Activision Blizzard to pay out three days of annual profit to settle sex discrimination case
CEO so 'sorry' after deal with US watchdog
Activision Blizzard will cough up $18m to settle a lawsuit filed by the Equal Employment Opportunity Commission – which accused the California games giant of fostering an internal culture toxic to women staff.
The US government's workplace watchdog claimed Activision subjected female and pregnant employees to “sex-based discrimination, including harassment,” retaliated against them if they complained, and paid them less than their male colleagues. It sued the biz [PDF] on Monday after a three-year probe.
Activision promptly responded by agreeing to settle the case [PDF]; it will pay $18m to current and former workers who have been or were employed since 2016 and covered by the EEOC’s claims. The corporation also promised to review its internal policies and provide training for managers, HR staff, and others to clamp down on discrimination and harassment.
To put that amount in context, the Call of Duty giant made a $2.2bn profit last year, or about $6m a day, according to its financial results.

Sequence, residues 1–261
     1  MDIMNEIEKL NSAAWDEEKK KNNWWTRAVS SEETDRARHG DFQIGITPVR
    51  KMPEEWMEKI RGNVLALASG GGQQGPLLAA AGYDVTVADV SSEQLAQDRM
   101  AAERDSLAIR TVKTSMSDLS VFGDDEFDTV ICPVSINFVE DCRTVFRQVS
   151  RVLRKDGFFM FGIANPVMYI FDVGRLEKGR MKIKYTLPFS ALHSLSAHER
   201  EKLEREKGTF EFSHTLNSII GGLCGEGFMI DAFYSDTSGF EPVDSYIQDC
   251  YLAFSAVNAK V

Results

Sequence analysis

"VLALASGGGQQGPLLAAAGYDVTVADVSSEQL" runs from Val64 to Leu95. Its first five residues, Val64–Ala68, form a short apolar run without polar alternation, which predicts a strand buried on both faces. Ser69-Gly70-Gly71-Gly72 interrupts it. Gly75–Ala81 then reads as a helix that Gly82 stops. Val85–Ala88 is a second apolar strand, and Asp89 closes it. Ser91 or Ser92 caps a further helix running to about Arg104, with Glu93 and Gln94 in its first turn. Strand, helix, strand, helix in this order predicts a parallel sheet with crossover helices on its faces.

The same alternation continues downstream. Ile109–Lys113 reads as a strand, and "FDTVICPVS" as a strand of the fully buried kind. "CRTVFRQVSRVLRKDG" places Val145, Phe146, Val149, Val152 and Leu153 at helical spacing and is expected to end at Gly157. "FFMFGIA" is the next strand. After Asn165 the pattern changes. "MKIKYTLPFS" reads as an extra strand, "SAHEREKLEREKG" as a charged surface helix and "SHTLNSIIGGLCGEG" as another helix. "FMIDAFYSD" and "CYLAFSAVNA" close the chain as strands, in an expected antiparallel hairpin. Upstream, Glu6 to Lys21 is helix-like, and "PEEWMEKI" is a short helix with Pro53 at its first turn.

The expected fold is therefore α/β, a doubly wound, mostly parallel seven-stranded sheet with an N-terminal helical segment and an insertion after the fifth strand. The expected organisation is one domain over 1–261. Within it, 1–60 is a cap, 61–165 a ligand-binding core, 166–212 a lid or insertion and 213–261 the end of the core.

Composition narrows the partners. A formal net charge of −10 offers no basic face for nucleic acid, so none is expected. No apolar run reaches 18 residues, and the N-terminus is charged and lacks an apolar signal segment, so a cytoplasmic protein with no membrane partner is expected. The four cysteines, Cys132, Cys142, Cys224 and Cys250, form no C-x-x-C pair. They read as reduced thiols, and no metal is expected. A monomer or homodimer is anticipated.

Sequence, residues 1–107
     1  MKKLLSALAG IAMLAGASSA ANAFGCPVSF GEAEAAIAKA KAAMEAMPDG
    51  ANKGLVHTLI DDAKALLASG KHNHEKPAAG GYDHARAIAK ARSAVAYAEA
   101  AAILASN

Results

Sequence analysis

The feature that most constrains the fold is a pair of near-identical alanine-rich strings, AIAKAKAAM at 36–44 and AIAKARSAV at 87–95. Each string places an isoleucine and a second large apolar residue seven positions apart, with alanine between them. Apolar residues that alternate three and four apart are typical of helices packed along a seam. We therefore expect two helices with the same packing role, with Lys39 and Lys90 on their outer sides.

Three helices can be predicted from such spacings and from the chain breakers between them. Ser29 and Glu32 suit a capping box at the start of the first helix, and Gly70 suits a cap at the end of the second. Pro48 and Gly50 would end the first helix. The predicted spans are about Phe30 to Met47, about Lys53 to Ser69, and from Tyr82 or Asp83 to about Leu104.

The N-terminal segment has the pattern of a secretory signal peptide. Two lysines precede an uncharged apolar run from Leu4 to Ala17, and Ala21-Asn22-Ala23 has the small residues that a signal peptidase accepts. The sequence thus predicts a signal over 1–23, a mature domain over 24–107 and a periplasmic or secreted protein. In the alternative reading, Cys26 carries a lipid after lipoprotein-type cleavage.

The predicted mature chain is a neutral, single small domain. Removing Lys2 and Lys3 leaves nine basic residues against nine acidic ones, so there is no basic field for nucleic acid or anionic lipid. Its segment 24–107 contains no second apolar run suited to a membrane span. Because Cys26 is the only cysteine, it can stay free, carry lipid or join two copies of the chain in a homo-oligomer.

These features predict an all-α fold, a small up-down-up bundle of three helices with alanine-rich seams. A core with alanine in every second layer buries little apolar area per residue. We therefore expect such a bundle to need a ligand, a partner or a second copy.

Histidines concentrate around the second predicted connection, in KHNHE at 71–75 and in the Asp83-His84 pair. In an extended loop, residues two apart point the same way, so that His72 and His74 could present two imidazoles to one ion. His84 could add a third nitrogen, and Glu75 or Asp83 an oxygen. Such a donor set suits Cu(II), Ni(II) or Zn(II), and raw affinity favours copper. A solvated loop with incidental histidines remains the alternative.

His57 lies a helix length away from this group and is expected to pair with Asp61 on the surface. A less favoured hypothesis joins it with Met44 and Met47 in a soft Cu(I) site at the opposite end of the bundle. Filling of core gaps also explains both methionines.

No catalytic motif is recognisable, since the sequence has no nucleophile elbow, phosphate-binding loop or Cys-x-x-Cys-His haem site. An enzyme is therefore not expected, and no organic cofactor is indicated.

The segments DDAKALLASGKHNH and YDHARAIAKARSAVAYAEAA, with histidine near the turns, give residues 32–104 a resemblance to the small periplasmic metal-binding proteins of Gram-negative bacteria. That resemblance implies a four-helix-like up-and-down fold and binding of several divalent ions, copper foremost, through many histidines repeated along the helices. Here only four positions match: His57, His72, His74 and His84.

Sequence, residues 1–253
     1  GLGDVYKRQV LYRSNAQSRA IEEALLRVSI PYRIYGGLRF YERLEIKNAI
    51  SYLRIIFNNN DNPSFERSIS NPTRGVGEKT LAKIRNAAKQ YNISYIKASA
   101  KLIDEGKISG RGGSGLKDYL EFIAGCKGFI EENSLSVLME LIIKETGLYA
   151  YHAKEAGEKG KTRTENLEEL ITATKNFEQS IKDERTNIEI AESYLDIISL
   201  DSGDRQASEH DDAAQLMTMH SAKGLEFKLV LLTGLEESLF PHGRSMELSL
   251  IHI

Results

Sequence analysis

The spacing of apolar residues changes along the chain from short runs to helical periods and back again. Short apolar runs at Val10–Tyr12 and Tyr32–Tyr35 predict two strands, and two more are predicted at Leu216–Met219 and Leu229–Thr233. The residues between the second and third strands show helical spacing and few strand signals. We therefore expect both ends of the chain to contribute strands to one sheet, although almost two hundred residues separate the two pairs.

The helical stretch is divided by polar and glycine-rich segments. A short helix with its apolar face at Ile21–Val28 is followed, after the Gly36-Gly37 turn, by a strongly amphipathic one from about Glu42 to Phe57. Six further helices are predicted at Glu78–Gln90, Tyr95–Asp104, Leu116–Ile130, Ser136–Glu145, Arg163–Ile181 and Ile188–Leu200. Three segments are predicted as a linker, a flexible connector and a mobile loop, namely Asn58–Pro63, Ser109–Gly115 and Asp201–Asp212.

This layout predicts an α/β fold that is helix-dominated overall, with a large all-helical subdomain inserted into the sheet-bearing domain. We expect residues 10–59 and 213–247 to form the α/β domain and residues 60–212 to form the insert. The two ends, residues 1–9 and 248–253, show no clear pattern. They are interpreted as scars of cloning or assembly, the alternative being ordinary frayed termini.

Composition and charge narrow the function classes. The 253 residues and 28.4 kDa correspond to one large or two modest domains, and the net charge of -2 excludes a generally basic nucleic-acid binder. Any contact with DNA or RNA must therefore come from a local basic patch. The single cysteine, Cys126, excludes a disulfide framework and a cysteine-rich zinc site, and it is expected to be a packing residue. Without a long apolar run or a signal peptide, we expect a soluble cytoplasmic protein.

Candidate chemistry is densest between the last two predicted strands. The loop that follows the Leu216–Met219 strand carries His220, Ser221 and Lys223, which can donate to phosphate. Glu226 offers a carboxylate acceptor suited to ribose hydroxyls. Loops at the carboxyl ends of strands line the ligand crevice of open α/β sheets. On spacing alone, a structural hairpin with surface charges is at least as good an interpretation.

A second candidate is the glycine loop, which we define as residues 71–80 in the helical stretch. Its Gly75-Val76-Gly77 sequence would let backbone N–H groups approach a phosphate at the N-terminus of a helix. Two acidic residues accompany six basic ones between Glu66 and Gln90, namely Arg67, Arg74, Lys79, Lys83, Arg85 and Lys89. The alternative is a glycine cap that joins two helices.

“There is no place anywhere at our company for discrimination, harassment, or unequal treatment of any kind, and I am grateful to the employees who bravely shared their experiences,” Activision Blizzard’s CEO Bobby Kotick said in a canned statement.
“I am sorry that anyone had to experience inappropriate conduct, and I remain unwavering in my commitment to make Activision Blizzard one of the world’s most inclusive, respected, and respectful workplaces. We thank the EEOC for its constructive engagement as we work to fulfill our commitments to eradicate inappropriate conduct in the workplace.”
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The Overwatch titan is facing a barrage of litigation. California's Department of Fair Employment and Housing sued the games biz in July for fostering a “frat boy” work culture. The US National Labor Relations Board is looking into a complaint from the Communications Workers of America Union, which accused Activision of intimidating staff and illegally obstructing their attempts to form a union.
To top it all off, America's financial watchdog, the SEC, has launched its own investigation into whether the company reported claims of sexual discrimination and harassment to its investors before they were exposed publicly.
Kotick and other senior staff have been subpoenaed. Activision bigwig Allen Brack, its head of HR, and its chief legal officer have all ejected. The Blizzard studio is now co-led by Jen Oneal and Mike Ybarra.
Activision Blizzard is today known for titles from Crash Bandicoot to World of Warcraft. Its stock price rose slightly after the EEOC settlement was announced, and is trading at $76.33 currently. ®